Call for Papers: 'Negotiating Gamer Identities' Special Issue
The Press Start Journal invites the submission of analyses and reflections regarding the recent controversies surrounding the plurality of players, communities of play, and perceived gamer culture (in terms of gender, race, sexuality, class, #gamergate, etc.), as part of a special issue on negotiating gamer identities. Through this special issue, Press Start aims to allow undergraduate students, graduate students, and PhD candidates to contribute to this timely site of discourse.
Players, gamers or #gamers?
The issue of identity in games has long been a subject of studies regarding games and players. Studies observing the prevalence of male identification in digital play are at least as old as Sara Kiesler et al.’s “2nd-Class Citizens” (1983); and analyses of the oversexualization of women have appeared since Justine Cassell and Henry Jenkin’s From Barbie to Mortal Kombat (1998). Later, studies regarding race, sexuality and class have followed suit (cf. Leonard, 2006; Hitchens, 2011; Shaw, 2014). Indeed, much scholarship suggests a split between the overrepresentation of white, male, cis-gendered heterosexual player identities within games; and the actual diverse player base that supports and plays these games.
If gamer culture is perhaps unfairly seen as the site of marginalized, white men (cf. Kowert & Oldmeadow, 2012), recent tension has arisen around the right to claim gamer identity. Attempts to reclaim gamer culture as a place for women, non-whites, transgender people and others have been downplayed and attacked by vocal gamer communities as ‘social justice activism,’ poor scholarship or proof of a secret feminist conspiracy. Most recognizably, this vocal minority of gamers have gathered under the #gamergate hashtag.
With the initial responses of perceived leftist game journalists, academics and #gamergaters out of the way, it is time for analyses that do not dogmatically take sides nor attempt to moralize the situation without critical engagement. This special issue aims to offer a place for all related research. Some suggestions include:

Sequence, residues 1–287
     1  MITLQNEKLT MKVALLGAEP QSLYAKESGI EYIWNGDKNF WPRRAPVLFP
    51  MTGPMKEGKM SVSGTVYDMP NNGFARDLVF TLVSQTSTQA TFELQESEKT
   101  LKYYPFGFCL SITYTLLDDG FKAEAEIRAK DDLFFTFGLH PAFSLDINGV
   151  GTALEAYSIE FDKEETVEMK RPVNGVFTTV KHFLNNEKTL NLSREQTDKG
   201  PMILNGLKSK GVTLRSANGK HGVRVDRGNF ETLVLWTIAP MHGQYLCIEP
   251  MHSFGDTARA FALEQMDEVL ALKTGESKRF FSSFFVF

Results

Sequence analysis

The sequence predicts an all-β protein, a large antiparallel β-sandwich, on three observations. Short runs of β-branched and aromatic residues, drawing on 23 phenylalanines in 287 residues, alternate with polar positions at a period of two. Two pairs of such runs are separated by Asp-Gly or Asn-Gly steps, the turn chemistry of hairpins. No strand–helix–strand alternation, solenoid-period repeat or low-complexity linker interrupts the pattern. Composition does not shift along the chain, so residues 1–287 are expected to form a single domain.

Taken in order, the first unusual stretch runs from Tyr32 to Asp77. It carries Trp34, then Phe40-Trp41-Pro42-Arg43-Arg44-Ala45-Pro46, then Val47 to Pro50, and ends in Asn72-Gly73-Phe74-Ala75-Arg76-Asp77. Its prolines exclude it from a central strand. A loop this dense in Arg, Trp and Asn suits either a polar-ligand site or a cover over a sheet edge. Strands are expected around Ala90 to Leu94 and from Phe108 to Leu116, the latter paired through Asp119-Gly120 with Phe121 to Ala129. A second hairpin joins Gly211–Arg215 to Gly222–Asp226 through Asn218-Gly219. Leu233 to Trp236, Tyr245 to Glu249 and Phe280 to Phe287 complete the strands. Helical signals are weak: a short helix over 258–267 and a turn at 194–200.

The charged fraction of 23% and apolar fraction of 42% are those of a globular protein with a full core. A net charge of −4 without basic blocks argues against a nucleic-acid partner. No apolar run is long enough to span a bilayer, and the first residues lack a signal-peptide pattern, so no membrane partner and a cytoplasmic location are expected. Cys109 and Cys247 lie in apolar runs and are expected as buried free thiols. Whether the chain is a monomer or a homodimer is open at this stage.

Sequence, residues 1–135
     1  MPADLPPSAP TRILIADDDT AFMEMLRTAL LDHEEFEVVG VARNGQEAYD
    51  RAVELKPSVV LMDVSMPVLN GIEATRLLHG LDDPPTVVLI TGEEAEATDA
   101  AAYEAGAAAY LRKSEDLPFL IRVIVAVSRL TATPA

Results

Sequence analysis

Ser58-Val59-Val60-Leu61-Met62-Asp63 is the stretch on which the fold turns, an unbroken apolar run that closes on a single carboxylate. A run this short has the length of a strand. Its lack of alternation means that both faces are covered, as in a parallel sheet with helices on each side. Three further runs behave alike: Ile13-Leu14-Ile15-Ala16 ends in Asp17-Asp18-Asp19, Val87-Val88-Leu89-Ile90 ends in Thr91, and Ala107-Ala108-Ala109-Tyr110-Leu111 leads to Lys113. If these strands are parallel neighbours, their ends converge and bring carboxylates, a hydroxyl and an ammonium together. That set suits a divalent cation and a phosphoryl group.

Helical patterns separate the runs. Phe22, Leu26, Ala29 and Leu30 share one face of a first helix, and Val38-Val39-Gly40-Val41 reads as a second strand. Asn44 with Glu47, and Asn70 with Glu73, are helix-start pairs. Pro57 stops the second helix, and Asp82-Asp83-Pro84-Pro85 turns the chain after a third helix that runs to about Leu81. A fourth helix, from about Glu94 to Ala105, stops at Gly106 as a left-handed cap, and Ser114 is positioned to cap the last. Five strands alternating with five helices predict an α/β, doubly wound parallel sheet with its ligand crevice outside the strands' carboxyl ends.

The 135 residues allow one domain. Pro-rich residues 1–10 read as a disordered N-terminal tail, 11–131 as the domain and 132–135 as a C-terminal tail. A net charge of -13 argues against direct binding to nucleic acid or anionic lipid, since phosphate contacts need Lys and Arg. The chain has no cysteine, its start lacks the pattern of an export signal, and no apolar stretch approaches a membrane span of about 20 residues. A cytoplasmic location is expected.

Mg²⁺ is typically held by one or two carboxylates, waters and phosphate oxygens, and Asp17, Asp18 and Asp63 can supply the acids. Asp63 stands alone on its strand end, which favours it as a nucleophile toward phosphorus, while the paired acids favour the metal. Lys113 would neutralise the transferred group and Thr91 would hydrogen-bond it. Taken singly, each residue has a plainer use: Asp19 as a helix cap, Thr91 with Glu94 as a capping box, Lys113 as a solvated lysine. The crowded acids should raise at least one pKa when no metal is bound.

What does the question of identity mean for ‘gamer culture,’ and how does it relate to social context, media content and the game industry’s production cultures?
What can be made of the increased representation of ‘marginalized’ voices through the proliferation of independent production and platforms such as Steam and Twine?
Is such a classification as ‘gamer culture’ (whether monolithic, hegemonic or pluralistic) a productive identifier, in comparison to ‘reader cultures’ or ‘movie-goers’?
What to make of #gamergate’s professed criticism of existing academic game studies organizations (such as DiGRA); and related initiatives to start up alternative, positivist (or non-activist), venues for game analysis? Which epistemologies and politics form the basis for these criticisms and what would an alternative entail?
What roles should communities, game designers, game journalists and academics play; and how do these roles interact and overlap?
The editors of Press Start are open to any academic work that relates to this special issue; we encourage students and PhD candidates – from ‘SJW’ to ‘#gator’ – to submit work that they have produced as part of their studies or otherwise, provided that it meets the editorial guidelines for the journal. Research articles for this issue are expected to be between 3000 and 6000 words in length, but there are opportunities for submitting shorter pieces of work. All submissions will be subjected to double-blind peer review, so make sure your submission is sufficiently anonymized.
The deadline for submissions to this special issue is 1 May 2016.
Full details of the section policies, and the editorial process, may be found on the journal website:
If you are unsure which section is the best fit for your work (or have any other queries), please post a question on the Facebook group (https://www.facebook.com/groups/PressStartJournal/), where a member of our friendly and knowledgeable Editorial Board will get back to you, or email the editor directly (Matthew.Barr@glasgow.ac.uk).
Cassell, J., & Jenkins, H. (1998). From Barbie to Mortal Kombat: Gender and Computer Games. Cambridge, MA: MIT press.
Hitchens, M. (2011). A Survey of First-person Shooters and their Avatars. Game Studies, 11(3).
Kiesler, S., Sproull, L., & Eccles, J. S. (1983). 2nd-Class Citizens. Psychology Today, 17(3): 40.
Kowert, R., & Oldmeadow, J. (2012). The Stereotype of Online Gamers: new characterization or recycled prototype. In Proceedings of DiGRA Nordic 2012 Conference: Local and Global – Games in Culture and Society.
Leonard, D. J. (2006). Not a Hater, Just Keepin' It Real: the importance of race-and gender-based game studies. Games and Culture, 1(1): 83-88.Shaw, A. (2014). Gaming at the Edge: Sexuality and Gender at the Margins of Gamer Culture. Minneapolis, MN: University of Minnesota Press.